Poor old Marks & Spencer. The company has been in a perpetual state of turnaround for the best part of twenty years.
Steve Rowe is the latest CEO trying to revive M&S's fortunes. Three years into his reign and the company still looks stuck in permanent midwinter.
Profits are up slightly but both food sales (-2.9%) and clothing sales (-1.1%) are in steady decline.
Rowe sees "very early signs of improvement", but they're not obvious to outsiders. "Sustainable, profitable growth" remains "three to five years away". Isn't it always?
M&S is trying to get fit for shopping in the digital age.
The business still has too many stores in unattractive locations, a website that is "well behind the best" of its rivals, a supply chain that is "well short of state of the art" and a distribution centre that struggles to handle peak demand. These are not trifling problems.
Change is underway.
The senior management team has been replaced, IT systems are being over-hauled, clothing ranges simplified and freshened up.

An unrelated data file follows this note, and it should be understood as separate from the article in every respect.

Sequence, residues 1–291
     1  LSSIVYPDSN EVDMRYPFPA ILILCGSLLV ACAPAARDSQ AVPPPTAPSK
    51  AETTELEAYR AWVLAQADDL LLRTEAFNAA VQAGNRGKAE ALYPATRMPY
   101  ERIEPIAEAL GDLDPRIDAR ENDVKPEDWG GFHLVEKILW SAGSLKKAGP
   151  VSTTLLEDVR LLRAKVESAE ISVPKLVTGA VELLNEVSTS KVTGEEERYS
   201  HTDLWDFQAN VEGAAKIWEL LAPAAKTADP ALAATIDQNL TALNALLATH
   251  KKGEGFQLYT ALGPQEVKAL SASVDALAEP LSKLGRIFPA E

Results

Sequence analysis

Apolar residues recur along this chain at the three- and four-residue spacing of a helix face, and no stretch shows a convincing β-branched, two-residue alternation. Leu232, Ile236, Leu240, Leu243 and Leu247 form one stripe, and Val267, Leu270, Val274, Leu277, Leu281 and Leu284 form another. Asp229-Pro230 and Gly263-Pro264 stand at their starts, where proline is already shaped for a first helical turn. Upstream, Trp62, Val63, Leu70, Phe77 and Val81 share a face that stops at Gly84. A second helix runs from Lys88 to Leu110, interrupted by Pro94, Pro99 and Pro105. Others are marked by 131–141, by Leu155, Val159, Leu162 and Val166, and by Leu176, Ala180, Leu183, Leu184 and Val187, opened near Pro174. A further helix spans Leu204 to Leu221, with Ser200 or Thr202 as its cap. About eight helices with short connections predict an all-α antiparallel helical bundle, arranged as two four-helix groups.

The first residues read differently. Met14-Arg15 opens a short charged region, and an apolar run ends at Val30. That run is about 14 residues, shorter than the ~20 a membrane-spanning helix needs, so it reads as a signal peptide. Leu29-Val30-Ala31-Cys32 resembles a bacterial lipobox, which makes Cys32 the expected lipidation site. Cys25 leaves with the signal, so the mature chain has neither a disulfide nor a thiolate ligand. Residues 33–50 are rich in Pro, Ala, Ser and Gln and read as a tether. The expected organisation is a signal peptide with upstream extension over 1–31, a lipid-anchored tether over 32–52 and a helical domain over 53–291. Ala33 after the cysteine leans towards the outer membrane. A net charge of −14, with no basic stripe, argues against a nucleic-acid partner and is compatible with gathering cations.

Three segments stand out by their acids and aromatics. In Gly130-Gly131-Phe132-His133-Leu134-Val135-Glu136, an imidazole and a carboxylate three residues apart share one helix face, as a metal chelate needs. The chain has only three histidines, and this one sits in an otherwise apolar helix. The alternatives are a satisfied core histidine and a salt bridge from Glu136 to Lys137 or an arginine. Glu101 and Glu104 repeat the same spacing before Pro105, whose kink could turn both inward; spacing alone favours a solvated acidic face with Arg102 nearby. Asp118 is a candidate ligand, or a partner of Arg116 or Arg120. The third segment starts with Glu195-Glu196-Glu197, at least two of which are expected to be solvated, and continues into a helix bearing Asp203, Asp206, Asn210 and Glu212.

Twenty-nine high street stores have closed, another 71 will shut before 2020, although M&S is still refusing to name most of them. And M&S may not stop there. "I'm not going to promise that I'll stop at 100 [store closures] and say job done," Rowe warns.
M&S is deeply troubled but it is not in trouble, more a gentle but continuous decline.
A business that was once a morsel for a monarch has become less important in the digital age.
You may recall that in 2004 Sir Philip Green tried unsuccessfully to buy M&S for £9 billion. The company's stock market value today is less than £5 billion - around the same as ASOS.
M&S is still healthily profitable and remains the most popular clothing retailer in Britain, but even that crown looks set to slip. M&S has been losing market share for more than two decades, as it closes stores so it cuts both costs and sales. Primark is heir to the throne.
The growth of online competition and the march of the discounters continues and M&S is diminished.